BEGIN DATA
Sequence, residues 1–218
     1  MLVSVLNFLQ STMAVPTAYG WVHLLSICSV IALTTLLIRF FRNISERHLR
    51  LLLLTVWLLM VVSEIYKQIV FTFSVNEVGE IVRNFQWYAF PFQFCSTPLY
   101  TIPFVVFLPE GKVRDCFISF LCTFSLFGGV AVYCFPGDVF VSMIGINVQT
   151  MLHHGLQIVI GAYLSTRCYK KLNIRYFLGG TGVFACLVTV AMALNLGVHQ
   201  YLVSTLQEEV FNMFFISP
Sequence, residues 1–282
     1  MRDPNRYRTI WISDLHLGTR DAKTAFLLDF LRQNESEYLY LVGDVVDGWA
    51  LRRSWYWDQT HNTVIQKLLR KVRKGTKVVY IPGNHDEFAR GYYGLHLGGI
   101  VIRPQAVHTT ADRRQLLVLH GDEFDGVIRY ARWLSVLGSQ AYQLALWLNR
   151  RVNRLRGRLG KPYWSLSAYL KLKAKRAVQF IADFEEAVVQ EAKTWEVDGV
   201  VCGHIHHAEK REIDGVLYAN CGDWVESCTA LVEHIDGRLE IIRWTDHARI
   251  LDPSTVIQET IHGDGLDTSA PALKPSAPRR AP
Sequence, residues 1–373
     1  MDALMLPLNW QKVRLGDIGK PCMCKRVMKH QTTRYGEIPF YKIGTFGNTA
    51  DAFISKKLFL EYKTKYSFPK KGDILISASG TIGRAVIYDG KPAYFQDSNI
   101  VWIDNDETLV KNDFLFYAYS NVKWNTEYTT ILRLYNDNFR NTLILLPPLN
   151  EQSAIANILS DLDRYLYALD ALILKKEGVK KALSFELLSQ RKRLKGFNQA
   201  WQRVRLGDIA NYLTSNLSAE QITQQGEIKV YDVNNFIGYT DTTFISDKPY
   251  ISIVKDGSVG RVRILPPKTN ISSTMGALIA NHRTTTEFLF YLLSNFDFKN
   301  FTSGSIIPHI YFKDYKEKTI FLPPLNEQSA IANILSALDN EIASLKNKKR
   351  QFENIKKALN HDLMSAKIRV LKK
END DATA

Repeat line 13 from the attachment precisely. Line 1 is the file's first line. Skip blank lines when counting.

   251  LDPSTVIQET IHGDGLDTSA PALKPSAPRR AP